The Rare Book and Manuscript Library is delighted to present a major exhibition of the work of Ernst Reichl (1900-1980), German-American book designer, active and prominent in New York/American publishing from the 1930s into the 1970s. A ‘whole book’ designer, Reichl believed in the harmonious totality of the package and the value of one design vision for all its parts, and became one of the top trade book designers, prolific and award-winning. He actively promoted the profession and high standards in book publishing, by example and through writing, teaching, and exhibitions. A serious reader (he read broadly and seldom designed without reading the manuscript), Reichl was also a scholar, and a fine writer. The latter activity was an unexpected discovery in his papers, given to Columbia by his widow, Miriam Reichl, and the catalyst for this exhibition.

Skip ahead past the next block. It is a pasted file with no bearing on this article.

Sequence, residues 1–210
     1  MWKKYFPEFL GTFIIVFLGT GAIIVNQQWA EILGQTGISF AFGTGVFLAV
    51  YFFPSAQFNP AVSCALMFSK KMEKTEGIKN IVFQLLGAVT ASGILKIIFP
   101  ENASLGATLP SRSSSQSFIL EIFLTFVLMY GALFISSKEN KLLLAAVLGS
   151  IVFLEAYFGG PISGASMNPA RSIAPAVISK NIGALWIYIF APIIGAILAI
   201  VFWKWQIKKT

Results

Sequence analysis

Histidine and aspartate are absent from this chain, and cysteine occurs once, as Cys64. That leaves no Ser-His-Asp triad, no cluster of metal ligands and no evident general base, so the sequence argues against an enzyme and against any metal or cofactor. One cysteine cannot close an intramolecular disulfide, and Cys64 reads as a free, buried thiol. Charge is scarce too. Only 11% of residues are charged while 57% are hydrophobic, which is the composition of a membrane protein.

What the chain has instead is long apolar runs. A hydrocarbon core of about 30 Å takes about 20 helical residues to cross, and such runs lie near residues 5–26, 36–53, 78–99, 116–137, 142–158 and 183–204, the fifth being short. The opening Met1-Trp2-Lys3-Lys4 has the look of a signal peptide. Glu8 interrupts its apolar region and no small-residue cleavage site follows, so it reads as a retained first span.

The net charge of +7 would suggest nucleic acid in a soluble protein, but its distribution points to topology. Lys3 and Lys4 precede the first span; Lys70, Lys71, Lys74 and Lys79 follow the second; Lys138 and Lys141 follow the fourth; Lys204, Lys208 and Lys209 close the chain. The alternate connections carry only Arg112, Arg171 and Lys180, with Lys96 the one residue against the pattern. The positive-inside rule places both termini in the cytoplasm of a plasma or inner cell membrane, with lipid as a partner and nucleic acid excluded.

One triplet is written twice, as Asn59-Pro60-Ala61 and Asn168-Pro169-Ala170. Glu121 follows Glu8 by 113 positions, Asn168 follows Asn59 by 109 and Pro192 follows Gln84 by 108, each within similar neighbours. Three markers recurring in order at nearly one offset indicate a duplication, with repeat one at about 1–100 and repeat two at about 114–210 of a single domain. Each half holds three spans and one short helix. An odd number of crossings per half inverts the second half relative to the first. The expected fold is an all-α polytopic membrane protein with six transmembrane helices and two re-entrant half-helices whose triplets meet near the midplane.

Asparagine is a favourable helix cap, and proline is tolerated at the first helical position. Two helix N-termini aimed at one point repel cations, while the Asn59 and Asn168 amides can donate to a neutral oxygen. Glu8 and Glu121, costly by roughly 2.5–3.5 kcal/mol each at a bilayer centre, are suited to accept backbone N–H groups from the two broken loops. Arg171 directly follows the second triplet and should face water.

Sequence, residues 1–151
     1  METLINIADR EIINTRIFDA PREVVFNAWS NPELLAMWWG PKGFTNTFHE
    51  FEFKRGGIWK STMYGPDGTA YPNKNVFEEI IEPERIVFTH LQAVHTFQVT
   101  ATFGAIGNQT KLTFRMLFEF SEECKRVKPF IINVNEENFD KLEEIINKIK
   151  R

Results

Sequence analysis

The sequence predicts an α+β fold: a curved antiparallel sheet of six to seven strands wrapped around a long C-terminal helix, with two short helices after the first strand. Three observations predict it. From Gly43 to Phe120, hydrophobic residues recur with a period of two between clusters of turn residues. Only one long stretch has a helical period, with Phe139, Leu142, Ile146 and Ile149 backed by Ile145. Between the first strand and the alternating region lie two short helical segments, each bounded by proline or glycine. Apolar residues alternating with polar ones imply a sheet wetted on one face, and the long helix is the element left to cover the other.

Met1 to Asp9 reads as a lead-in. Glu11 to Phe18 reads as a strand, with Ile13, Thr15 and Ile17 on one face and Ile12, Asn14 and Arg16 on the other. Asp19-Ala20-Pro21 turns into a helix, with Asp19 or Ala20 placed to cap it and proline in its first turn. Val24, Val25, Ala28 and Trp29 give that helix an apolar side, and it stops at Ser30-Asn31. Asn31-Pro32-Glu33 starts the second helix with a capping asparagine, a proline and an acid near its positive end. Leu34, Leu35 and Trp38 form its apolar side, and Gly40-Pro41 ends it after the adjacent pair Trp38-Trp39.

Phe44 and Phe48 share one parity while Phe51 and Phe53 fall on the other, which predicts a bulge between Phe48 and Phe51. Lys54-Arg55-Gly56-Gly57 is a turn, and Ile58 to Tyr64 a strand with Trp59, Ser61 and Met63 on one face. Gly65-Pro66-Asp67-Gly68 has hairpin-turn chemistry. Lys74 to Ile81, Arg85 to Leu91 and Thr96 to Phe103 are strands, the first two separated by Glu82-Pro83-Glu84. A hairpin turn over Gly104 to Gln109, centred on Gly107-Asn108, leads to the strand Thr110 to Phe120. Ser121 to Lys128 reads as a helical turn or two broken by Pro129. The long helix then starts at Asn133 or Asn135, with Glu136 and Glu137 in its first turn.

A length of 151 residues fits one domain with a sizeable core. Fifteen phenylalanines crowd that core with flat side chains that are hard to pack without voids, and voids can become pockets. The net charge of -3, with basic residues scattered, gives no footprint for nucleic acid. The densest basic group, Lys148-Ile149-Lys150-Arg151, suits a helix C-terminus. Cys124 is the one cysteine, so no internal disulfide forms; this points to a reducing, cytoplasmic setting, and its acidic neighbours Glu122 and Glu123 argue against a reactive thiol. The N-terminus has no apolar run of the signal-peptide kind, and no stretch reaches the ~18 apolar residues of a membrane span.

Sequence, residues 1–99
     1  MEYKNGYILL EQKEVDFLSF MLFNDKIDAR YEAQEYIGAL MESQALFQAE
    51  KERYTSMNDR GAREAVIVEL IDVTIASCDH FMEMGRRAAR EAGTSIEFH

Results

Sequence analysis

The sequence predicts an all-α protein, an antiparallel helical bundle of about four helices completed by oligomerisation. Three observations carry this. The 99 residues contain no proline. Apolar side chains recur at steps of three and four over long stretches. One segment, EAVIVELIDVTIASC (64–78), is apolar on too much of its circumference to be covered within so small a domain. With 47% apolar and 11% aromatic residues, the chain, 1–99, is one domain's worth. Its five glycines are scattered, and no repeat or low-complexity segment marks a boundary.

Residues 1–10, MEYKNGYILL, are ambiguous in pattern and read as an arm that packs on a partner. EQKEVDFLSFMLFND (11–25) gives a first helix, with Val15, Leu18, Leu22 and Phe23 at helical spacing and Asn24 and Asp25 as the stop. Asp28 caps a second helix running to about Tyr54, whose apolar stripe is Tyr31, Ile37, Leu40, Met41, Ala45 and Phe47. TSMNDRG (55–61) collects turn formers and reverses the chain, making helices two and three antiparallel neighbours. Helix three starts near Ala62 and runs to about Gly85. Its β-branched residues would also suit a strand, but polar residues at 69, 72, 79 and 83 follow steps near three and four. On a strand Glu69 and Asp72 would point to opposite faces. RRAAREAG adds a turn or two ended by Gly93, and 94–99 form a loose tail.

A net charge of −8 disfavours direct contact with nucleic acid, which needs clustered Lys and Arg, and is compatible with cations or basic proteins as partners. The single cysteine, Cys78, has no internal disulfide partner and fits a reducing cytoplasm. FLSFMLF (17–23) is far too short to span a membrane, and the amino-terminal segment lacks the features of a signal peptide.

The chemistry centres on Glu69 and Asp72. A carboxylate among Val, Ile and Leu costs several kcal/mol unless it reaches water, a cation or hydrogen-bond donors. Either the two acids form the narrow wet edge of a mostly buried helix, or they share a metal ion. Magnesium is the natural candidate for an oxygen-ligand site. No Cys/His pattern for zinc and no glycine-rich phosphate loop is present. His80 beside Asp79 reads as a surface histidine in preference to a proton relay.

Martha Scotford, exhibition curator, Professor Emeritus of Graphic Design, North Carolina State University (NCSU), assisted by Kezra Cornell; Master of Graphic Design candidate, NCSU. This exhibition has been supported by a Columbia Libraries Research Grant, and the Reese Fellowship for American Bibliography and the History of the Book in the Americas from the Bibliographical Society of America.
Note on exhibition title: from Reichl’s comment on the card for Joyce Carol Oates’ The Wheel of Love (Vanguard, 1970): “J.C.O. enjoys using typographic devices of all sorts to express herself… and many other oddities, which require a wide-awake typographer.”
For more information on the exhibition, please see: information.
For exhibition hours, please review: hours.